A Man of WHICH people?

President Obama was in Rhode Island yesterday for all of four hours, but it was one of the most intensely dysfunctional four hours any politician could create.

He spoke briefly at a 40-person factory (from notes!) which had rehired people after receiving stimulus money. He then arrived late for a reception primarily for Providence Mayor David Cicilline’s run for Patrick Kennedy’s House seat. This reception cost attendees $500 to merely be in the same huge room at the Convention Center.

His motorcade (do you really need a dozen motorcycles?!) then went to the affluent East Side of Providence where wealthy developer Buff Chace and his wife were hosting a highly publicized dinner party for $7,5000 a person to dine with the President. That’s right: $15,000 per couple. Streets were blocked off by department of public works dump trucks, and even nearby pumpkins were inspected for safety (I am NOT making this up—the Providence media reported every shrug and moan with mind-numbing detail).

The owners and chiefs from the famed Providence restaurant, Al Forno, were imported for the presidential palate. (Al Forno is famous for original food and hating customers—no reservations, and please eat and leave.) One of the restaurant’s founders, Johanne Kileen, noted that this was the second most exciting day in her life, after her wedding day. One supposes that the restaurant business, travel, and a long-term marriage don’t carry many thrills in her life. Perhaps she should get out more.

I know Buff Chace, and he is an admirable man. He has used his family fortune to try to develop downtown Providence, arguing articulately that retail, commercial, residential, and recreational facets must be concurrently created. He’s had mixed success, but not for lack of trying. He was the long-time board chair of Trinity Repertory Company while I served on the board, and his family is generous and community-minded. I haven’t always agreed with him, but I respect him.

And it was at this event that the President spent 20 minutes in small talk, then headed back to Air Force One to head to DC, kiss his kids goodnight and walk the dog. The guests had spent $750 per minute, $12.50 a second, for the President to make the barest plausible visit and depart, outstanding chiefs notwithstanding, arrangements of no import, loss of face for the hosts inconsequential. At least the food didn’t get cold, even if the conversation did.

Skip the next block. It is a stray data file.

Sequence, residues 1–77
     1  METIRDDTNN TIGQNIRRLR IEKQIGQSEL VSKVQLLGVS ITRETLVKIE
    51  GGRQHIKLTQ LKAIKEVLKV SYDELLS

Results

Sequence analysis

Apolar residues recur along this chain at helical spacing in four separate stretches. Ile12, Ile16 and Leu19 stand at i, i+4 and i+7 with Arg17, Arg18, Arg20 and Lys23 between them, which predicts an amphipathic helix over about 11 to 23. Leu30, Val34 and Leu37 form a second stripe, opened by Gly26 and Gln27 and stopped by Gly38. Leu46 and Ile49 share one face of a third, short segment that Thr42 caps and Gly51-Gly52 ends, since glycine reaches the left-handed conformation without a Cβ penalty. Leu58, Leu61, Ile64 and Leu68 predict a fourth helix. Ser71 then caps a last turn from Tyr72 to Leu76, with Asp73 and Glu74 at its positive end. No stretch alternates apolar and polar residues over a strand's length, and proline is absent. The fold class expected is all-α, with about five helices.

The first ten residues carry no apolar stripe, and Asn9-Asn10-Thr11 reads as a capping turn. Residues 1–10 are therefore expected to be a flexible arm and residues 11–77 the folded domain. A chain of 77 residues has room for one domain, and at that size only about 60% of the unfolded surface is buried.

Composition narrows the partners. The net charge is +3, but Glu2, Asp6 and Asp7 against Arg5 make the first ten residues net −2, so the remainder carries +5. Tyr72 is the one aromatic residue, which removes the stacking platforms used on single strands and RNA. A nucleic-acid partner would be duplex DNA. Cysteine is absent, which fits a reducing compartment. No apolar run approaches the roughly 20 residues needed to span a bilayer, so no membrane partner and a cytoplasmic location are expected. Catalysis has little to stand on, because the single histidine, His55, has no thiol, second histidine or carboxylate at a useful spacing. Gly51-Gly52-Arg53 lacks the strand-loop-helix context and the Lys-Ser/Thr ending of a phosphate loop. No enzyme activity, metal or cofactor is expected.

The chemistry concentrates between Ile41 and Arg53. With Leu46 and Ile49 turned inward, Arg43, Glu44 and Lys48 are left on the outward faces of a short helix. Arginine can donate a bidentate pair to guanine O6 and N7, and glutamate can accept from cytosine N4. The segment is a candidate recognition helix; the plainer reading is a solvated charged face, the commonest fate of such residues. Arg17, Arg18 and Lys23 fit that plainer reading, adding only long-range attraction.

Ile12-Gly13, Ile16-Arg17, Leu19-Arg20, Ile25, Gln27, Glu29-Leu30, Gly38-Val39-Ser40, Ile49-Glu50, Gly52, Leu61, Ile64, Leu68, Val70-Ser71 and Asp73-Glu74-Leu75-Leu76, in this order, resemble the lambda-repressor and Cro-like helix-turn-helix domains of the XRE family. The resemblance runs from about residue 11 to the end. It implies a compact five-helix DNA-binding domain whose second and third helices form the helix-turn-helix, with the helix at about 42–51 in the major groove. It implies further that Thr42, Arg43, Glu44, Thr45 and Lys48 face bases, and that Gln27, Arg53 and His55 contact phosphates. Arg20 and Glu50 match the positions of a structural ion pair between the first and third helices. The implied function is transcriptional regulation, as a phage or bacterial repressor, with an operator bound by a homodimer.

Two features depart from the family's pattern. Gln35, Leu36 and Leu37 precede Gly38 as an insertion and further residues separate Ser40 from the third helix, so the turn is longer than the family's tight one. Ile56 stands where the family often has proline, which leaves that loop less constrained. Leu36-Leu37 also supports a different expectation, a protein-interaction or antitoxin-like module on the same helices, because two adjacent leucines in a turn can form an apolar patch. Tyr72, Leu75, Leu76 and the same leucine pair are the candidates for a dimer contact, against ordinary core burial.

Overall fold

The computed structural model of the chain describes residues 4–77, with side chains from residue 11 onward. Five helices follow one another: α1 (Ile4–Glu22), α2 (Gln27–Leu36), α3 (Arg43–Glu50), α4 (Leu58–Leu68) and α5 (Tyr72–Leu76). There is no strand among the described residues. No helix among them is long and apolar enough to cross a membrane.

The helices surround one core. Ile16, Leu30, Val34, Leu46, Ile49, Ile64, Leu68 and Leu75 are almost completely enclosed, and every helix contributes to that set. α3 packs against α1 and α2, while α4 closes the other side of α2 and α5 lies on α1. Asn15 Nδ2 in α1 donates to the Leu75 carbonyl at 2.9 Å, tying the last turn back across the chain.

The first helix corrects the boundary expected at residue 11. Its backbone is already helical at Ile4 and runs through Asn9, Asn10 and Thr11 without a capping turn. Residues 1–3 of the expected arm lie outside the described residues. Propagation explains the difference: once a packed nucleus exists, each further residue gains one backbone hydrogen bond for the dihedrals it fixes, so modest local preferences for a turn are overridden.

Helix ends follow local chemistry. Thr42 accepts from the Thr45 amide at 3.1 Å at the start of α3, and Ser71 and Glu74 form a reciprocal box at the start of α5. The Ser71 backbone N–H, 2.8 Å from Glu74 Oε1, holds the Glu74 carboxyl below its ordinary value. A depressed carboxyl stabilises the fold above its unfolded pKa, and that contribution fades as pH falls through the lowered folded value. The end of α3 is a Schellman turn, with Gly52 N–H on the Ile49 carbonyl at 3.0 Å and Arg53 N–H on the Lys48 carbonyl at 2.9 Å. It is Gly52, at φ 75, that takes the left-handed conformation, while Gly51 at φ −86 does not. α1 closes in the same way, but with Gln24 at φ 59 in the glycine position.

In the bargain, besides tying up traffic royally because apparently it’s dangerous to have anyone use the roads anywhere while the President is being chauffeured around, he managed to alienate the supporters of Democratic gubernatorial candidate Frank Caprio, whom Obama pointedly refused to endorse, perhaps to repay Mr. Caprio’s independent (once Republican) rival, Lincoln Chafee, for his support last election, perhaps to thumb his nose at someone who supported Hillary Clinton (and there is no way the Clintons would have acted this way on a visit, but that’s another story).

Mr. Caprio promptly told the news media that the President could “shove it” as far as his endorsement was concerned, and that caused national news, apparently because others don’t realize that’s like saying, “no worries” here in Rhode Island. In this state, that phrase doesn’t even budge the rudeness meter.

So, in just four hours we witnessed a real slash and burn demonstration. The trouble is, it was leveled at what I thought were his own people. So, I’m wondering, just which people ARE his people? How many of them will be around to vote next week?

© Alan Weiss 2010. All rights reserved.

8 thoughts on “A Man of WHICH people?

  1. Though he didn’t get my vote last time around, I’ve tried to embrace our president. Not an easy task. More and more he just seems like a new drug for the addicts. Cigarettes aren’t good for us (Americans) but we buying them. He’s great at selling himself to the masses but how does that help the country?

Leave a Reply

Your email address will not be published. Required fields are marked *


This site uses Akismet to reduce spam. Learn how your comment data is processed.